Also have a Wby 338-378 Mk V that comes standard with a whippy little skinny 26" barrel and I wasn't getting much MV out of that one either. I re-barreled in a medium palma at 30" and it sends 300gr bullets at about 3,000 fps. It's a really heavy rifle as rifles go, but it does what I need.

If you want long range, you need the MV. Shooting long range, you have the option of setting up, making a little bit of noise, shooting prone (as you should with long range), and it's no big deal.

But that's just me.
 

jonthomps

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Velocity. Shorter barrels are not more or less accurate. A 22-24" barrel would be a good compromise should you have to shoot something 3-500y.
 

mgood

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My main hunting rifle has a 24" barrel. It feels clumsy when trying to get through the brush with it slung on my shoulder. It catches every tree limb in the area. I'd really like to stay away from 26" barrels and there's no way I'd go longer than 26" for an every day carry around rifle. I'd like to get shorter, like 22" if it wouldn't kill my velocity.

For a gun made specifically for long-range shooting, I can see that a 30" barrel would make sense. But for a general-purpose hunting rifle, it does not suit me.

So it depends on what you want to do with it and what you're comfortable lugging around.
 

HARPERC

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It's a matter of the parameters (style) as to the benefits a particular firearm system offers.

You aren't a long range shooter/hunter, and a large heavy system doesn't suit you. You've had a couple of threads that focus on shorter, lighter, handier firearms. From here it seems your ideal might be a couple of "horse pistols" hanging from the saddle horn.

Not a thing in the world wrong with that. I kind of like having multiple firearms, each as close to ideal for a particular circumstance. You like your particular set of circumstances, and unless you branch out, nothing needs to change.

I had my Ruger #1A light sporter, at the range along with some other rifles, it looks odd sitting in the rack alongside the bigger rifles. It fills it's niche very well, but as ranges get farther, bigger optics are useful, heavier cartridges, heavier rifles, maintaining maintaining expansion velocity a little longer is a good thing.

I have 2 sides in my safe, one has shorter, handier rifles, the other longer heavier. I like the choice and until we're regulated out of it I plan to have multiple firearms.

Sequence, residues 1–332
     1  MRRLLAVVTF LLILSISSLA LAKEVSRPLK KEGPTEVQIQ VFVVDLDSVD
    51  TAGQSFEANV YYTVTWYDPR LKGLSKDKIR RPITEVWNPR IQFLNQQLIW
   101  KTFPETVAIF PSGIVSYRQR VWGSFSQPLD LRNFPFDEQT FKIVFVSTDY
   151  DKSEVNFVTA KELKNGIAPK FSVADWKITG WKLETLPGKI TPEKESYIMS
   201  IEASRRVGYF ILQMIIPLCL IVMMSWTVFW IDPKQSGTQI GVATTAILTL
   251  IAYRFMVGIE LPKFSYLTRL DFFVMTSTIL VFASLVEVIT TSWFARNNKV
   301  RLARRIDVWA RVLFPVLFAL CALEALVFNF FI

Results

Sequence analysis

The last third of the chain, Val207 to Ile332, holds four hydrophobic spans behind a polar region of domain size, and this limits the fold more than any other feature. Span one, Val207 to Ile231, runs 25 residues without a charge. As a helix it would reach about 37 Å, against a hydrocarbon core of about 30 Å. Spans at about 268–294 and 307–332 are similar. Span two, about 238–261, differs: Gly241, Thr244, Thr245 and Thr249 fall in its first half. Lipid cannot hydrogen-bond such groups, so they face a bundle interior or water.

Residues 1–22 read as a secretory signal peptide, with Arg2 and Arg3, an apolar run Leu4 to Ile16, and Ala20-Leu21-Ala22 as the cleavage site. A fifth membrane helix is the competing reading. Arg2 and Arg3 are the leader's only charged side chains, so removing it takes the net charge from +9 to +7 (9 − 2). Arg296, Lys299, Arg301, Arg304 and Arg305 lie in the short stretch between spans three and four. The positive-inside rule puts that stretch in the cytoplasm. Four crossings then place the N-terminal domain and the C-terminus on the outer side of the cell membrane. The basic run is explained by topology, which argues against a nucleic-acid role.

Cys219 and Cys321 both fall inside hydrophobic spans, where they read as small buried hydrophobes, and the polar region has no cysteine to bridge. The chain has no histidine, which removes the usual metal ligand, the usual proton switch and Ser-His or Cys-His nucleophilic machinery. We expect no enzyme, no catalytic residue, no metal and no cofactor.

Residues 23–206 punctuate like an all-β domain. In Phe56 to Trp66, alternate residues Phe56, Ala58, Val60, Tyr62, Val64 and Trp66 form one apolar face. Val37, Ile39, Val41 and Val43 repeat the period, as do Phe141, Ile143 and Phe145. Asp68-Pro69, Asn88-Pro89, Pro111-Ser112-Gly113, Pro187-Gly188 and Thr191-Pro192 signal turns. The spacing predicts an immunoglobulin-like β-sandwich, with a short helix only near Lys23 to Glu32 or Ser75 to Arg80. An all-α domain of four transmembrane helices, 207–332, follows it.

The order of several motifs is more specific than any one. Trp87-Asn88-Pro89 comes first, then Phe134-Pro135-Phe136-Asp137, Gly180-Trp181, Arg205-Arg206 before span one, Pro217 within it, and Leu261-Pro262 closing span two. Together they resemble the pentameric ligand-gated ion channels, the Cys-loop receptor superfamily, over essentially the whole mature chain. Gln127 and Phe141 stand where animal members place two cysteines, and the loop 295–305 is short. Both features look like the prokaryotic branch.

tony m

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My main hunting rifle has a 24" barrel. It feels clumsy when trying to get through the brush with it slung on my shoulder. It catches every tree limb in the area. I'd really like to stay away from 26" barrels and there's no way I'd go longer than 26" for an every day carry around rifle. I'd like to get shorter, like 22" if it wouldn't kill my velocity.

For a gun made specifically for long-range shooting, I can see that a 30" barrel would make sense. But for a general-purpose hunting rifle, it does not suit me.

So it depends on what you want to do with it and what you're comfortable lugging around.
It is great to get some feedback on this.I also will not carry a rifle that has a longer than 24" barrel, 22 is better yet.Sometimes, it doesn't affect velocity much.I shortened a .270 win of mine from 22 to 19 inches..It lost 100 fps.I shortened the stock as well and it now is 39"long.It now is no longer than my model 94, it is a browning blr.A very handy, quick to handle saddle rifle I use for sheep hunting.In this country alot of times we carry the rifle bandolier style so our hands are free so we can climb or get through brush.Different regions have different requirements though, I like to hear about it all.Cheers.
 

AZShooter

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"your gunsmith will have an opinion". Many years ago I wanted a 338 win mag with a 22" barrel I had to overcome my smith's opinion, man was he stubborn! I got my 22" barrel and was not disappointed.

Now days I am the "smith" so I do what I want. Some are long some are short depends on chambering.

If you want it shorter do it.